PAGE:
All About Japan

10 Top Nighttime Cherry Blossom Viewing Spots

| Cherry Blossoms
10 Top Nighttime Cherry Blossom Viewing Spots

Some people say that yozakura, or cherry blossom viewing at night, is more beautiful than enjoying them in sunlight. Sakura seem to take on a mystical appearance in the dark, and their color isn't drowned out. Here are 10 fantastic spots in Japan where you can see another gorgeous side of these fleeting, delicate flowers.

10. Nakameguro (Tokyo)

Better known as an area of gourmet restaurants and a trendy part of town, Nakameguro has a lot more to offer beneath its surface. Walking along the Meguro River from the Ohashi to Taikobashi Bridges, with more than 800 cherry trees growing along the 3.8-kilometer-long (2.4-mile) path, cherry blossoms will never be out of sight.

9. Chidorigafuchi Ryokudo (Tokyo)

9. Chidorigafuchi Ryokudo (Tokyo)

Along the 700-meter-long pedestrian path that lies along Chidorigafuchi, a moat on the west side of Tokyo's Imperial Palace, you'll see approximately 260 cherry trees blooming overhead. This is one of the most famous sakura viewing spots in the country, as visitors are able to experience an unforgettable walk under a beautiful floral tunnel. More than 1 million visitors come here every year.

8. Kodaiji Temple (Kyoto)

Kodaiji, a temple that was established by Toyotomi Hideyoshi’s wife, Nene, after Hideyoshi’s death, is well-known for its weeping cherry trees, known as Shidare-zakura. Approximately 50 cherry trees (of the Shidare-zakura, Yama-zakura and Somei Yoshino varieties) can be seen here.

7. Hirosaki Castle (Aomori)

7. Hirosaki Castle (Aomori)

The Hirosaki Cherry Blossom Festival, which is held from April 23 to May 5 annually, traces its roots back to a yozakura viewing event in 1916. Said by some to be the most beautiful cherry blossoms in Japan, the cherry trees in Hirosaki exhibit a unique characteristic of having multiple sakura bloom from one floral bud. Visitors can see over 2,500 cherry trees at the site, along with the castle, which is the centerpiece of the surrounding park.

6. Kintaikyo Bridge (Yamaguchi)

6. Kintaikyo Bridge (Yamaguchi)

Built in 1673 and spanning the Nishiki River in a series of five arches, springtime decorates the view of Kintaikyo Bridge in Yamaguchi Prefecture with cherry trees. Approximately 3,000 cherry trees, including ones in the adjacent Kikko Park, make the place an incredibly popular tourist destination, and earned it the distinction as a National Treasure in 1922. The sakura blossoms make this already picturesque sight transform into a mystically beautiful spot.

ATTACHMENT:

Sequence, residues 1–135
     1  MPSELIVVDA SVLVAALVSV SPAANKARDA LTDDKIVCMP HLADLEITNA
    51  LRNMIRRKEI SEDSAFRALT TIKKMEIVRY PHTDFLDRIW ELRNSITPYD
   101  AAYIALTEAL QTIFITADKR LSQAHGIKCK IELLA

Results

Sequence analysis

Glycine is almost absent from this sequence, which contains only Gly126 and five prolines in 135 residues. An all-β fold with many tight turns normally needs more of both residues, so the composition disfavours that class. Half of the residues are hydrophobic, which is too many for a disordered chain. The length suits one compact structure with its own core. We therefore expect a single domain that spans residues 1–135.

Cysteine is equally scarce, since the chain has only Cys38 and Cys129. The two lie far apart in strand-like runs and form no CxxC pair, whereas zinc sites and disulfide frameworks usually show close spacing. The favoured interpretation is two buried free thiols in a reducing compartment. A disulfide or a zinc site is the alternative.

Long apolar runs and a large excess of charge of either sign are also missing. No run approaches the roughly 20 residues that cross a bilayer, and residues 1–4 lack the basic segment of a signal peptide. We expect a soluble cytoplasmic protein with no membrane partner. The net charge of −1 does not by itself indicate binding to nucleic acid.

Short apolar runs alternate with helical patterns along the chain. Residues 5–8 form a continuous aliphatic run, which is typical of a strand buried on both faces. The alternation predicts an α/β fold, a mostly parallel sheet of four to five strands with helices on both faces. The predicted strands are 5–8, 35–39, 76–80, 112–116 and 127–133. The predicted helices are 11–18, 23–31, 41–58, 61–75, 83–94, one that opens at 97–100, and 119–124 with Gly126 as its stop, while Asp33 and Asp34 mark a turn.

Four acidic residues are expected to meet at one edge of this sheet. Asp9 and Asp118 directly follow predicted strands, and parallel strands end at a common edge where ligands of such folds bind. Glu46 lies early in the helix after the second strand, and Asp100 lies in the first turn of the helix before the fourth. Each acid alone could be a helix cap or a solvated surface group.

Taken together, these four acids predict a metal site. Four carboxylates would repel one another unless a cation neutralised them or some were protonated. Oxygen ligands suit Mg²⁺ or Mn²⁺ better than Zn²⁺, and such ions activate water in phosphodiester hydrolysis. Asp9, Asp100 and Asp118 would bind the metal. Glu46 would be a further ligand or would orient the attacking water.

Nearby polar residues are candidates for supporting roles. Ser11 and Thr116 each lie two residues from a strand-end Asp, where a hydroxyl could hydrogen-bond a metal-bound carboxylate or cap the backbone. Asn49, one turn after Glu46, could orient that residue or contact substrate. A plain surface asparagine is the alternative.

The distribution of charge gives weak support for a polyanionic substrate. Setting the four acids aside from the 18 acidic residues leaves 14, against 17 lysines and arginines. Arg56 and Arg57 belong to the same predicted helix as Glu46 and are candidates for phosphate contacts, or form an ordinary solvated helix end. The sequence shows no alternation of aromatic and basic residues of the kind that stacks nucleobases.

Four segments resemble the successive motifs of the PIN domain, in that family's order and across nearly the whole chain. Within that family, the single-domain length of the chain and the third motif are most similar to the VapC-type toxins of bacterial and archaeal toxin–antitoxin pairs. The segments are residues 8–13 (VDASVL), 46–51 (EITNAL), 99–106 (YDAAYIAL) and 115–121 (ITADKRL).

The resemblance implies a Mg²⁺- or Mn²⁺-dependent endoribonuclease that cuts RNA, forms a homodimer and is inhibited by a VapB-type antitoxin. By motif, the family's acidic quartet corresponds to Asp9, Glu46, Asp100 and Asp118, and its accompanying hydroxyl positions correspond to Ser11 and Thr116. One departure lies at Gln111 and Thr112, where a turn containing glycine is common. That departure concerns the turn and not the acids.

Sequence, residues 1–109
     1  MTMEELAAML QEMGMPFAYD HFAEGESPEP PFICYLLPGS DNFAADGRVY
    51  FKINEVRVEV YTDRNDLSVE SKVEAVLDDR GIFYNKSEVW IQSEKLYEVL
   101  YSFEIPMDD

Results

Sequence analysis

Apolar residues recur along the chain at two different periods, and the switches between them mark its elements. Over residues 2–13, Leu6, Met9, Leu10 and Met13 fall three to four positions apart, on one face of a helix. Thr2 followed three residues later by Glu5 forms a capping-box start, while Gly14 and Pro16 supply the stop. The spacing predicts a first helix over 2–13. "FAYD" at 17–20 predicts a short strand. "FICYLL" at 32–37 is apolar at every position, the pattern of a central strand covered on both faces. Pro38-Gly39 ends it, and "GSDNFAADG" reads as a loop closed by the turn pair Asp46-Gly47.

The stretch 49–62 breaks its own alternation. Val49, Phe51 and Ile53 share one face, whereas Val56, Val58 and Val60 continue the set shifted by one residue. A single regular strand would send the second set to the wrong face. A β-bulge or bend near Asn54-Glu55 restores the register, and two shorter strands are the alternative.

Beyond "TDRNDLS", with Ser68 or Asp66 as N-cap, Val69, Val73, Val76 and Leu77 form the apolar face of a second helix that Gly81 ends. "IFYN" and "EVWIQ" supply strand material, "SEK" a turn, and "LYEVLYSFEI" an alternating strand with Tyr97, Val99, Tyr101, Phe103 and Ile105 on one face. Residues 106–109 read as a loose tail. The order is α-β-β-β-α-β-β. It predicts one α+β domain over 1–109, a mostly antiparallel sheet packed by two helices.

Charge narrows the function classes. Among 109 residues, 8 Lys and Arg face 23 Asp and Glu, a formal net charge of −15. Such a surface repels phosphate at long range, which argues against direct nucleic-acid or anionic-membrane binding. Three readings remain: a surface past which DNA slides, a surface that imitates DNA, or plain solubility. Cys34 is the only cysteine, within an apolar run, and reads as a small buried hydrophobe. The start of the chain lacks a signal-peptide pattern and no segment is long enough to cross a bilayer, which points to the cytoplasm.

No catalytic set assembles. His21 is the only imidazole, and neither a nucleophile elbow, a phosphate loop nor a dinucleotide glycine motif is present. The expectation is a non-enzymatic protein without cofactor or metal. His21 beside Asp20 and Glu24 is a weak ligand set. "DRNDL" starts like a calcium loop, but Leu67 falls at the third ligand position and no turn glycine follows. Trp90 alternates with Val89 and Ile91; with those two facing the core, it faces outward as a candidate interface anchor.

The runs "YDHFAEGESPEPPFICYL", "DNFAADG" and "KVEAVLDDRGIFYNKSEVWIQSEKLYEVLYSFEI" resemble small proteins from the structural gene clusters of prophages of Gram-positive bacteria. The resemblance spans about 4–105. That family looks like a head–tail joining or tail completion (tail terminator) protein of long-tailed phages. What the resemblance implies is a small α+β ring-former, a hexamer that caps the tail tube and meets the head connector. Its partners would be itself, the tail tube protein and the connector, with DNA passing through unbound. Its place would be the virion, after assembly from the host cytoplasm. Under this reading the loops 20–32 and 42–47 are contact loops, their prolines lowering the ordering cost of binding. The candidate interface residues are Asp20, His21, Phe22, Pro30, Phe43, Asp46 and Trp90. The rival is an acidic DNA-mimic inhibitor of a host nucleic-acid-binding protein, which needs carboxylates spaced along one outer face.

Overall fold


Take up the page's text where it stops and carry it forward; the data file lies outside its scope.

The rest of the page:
5. Takato Castle Ruins (Nagano)

5. Takato Castle Ruins (Nagano)

Takato Joshi Koen, or Takato Castle Ruins Park, is the historic site of Takato Castle (demolished during the Meiji Period of 1868 to 1912) which is known as one of Japan’s Top 100 Castles. The park is also reputed by some to be one of the top three places in Japan to see cherry blossoms, following Hirosaki Castle above and Mount Yoshino in Nara Prefecture (the latter is better suited for daylight viewing).

The cherry trees in the park, Ko-higan-zakura, are indigenous to the Takato district (part of Ina City) and are certified as a Natural Treasure of Nagano Prefecture. The oldest trees are estimated to be over 130 years of age.

4. Takada Park (Niigata)

4. Takada Park (Niigata)

Known as one of the biggest yozakura spots in Japan, Takada Park has approximately 4,000 cherry trees (most of them Somei Yoshino). Illuminated by over 3,000 paper lanterns, the reflection of the cherry trees in the moat of Takada Castle seems like a sight from a completely different world. The lanterns are placed during the “Takada Castle Cherry Blossom Viewing for One Million People” event, which is held annually from April 1 to 17.

3. Maruyama Park (Kyoto)

3. Maruyama Park (Kyoto)

While dotted with species such as Somei Yoshino and Yama-zakura, the blooming focal point at Maruyama Park (Maruyama Koen) is the weeping cherry tree, a symbolic Shidare-zakura at the center of the park, which was planted from the seeds of a much older tree that used to sit on this same place. The tree is over 80 years old, and stands roughly 12 meters (40 ft) tall. It is breathtaking when illuminated against dark skies!

2. Rikugien (Tokyo)

2. Rikugien (Tokyo)

Rikugien is a circuit-style garden that was designed and built by Yanagisawa Yoshiyasu, a personal chamberlain of the fifth Tokugawa shogun, Tokugawa Tsunayoshi. While it took him seven years to complete the garden, it was definitely worth the time and effort. Now the place is known for its weeping cherry trees that look like waterfalls of light pink flowers.

1. Kiyomizu-dera (Kyoto)

1. Kiyomizu-dera (Kyoto)

Already an extremely popular tourist destination among Japanese and overseas visitors alike, Kiyomizu-dera Temple couldn't fail to earn the top spot on our list of beautiful yozakura spots. Approximately 1,500 cherry trees, including Somei Yoshino and Yama-zakura can be seen blooming along the hillside.

The view from the main hall (hondo) is magnificent. These beautiful sakura trees will refresh your mind and give you a reason to come to Kyoto again and again!